Relli Shechter (St Antony’s College) gives a talk for the Middle East Centre, on 29th January 2019.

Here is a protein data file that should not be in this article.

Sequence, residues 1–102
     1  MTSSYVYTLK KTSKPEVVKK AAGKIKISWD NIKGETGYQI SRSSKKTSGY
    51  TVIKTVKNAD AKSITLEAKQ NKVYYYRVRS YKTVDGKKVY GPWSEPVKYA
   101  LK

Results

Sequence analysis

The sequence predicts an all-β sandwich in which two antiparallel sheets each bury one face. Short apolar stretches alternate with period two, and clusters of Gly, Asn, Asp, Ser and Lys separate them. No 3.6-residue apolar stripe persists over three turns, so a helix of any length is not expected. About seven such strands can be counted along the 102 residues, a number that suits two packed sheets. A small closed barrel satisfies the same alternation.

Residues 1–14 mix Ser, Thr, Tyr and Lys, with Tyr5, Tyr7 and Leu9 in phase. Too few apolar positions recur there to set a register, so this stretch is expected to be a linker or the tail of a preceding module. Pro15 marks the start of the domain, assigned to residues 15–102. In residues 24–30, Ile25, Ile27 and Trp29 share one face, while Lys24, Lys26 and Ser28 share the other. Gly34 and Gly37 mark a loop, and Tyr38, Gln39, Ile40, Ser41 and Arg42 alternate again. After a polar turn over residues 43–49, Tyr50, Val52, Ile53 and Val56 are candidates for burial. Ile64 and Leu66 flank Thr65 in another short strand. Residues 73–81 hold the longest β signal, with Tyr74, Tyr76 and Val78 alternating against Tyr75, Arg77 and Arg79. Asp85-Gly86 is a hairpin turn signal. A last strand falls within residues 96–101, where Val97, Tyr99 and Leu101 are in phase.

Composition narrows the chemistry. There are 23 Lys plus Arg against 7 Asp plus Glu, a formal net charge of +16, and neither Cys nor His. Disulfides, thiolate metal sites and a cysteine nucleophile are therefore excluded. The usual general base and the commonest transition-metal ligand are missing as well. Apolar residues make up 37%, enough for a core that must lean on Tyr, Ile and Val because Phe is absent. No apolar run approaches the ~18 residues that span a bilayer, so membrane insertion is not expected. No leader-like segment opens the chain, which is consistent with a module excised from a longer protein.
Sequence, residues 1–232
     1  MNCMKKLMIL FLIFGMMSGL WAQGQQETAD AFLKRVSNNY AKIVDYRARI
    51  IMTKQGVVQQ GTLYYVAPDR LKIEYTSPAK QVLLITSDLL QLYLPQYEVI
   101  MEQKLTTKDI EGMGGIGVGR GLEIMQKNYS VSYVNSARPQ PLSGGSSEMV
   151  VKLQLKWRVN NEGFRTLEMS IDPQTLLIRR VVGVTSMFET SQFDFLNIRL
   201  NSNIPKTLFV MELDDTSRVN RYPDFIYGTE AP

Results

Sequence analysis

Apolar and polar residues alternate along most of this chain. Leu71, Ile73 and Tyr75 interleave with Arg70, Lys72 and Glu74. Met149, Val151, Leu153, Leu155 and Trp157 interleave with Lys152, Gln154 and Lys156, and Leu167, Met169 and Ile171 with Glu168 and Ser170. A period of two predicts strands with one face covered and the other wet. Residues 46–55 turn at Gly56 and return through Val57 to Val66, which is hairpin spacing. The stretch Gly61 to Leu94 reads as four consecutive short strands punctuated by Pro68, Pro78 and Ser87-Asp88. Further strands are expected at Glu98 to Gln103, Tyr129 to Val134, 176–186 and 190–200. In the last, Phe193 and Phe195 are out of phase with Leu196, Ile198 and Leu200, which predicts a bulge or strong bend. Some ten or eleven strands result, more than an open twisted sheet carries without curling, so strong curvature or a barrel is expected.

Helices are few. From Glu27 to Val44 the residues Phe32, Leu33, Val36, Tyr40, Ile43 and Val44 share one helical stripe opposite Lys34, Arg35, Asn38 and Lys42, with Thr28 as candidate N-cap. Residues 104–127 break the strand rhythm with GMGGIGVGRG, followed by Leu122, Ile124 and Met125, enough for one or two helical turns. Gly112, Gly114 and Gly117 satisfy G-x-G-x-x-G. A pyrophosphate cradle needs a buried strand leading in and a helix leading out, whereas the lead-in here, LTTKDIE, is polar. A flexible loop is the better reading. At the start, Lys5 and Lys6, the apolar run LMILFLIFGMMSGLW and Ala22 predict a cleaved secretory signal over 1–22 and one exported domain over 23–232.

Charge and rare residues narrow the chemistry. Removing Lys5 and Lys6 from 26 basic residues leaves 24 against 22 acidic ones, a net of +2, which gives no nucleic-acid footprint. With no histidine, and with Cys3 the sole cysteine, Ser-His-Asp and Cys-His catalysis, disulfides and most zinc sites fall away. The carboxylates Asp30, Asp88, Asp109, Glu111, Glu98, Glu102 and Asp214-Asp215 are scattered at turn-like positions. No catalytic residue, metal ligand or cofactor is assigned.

During the 1970s and early 1980s, Egypt experienced swift economic growth-the result of a regional oil boom. Oddly, this economic growth hardly registered in Egyptian public discourse, which continuously claimed that the country was experiencing multiple economic crises that became social and cultural crises, as well. In my lecture, and based on a recently published book, I investigate this discrepancy. I document the massive socio-economic mobility in Egypt by analysing relevant statistical data and ethnographic evidence, indicating the changes in the employment structure and the spread of mass consumption. I later examine a wide array of cultural resources, such as Egyptian academic writing, the press, the cinema and the literature, in which critics lamented 'what went wrong' in Egypt. The narrative suggested here offers a local version of a wider, Middle Eastern and international story-the global formation of middle-class societies, whose members strive for respectable lives with only partial success.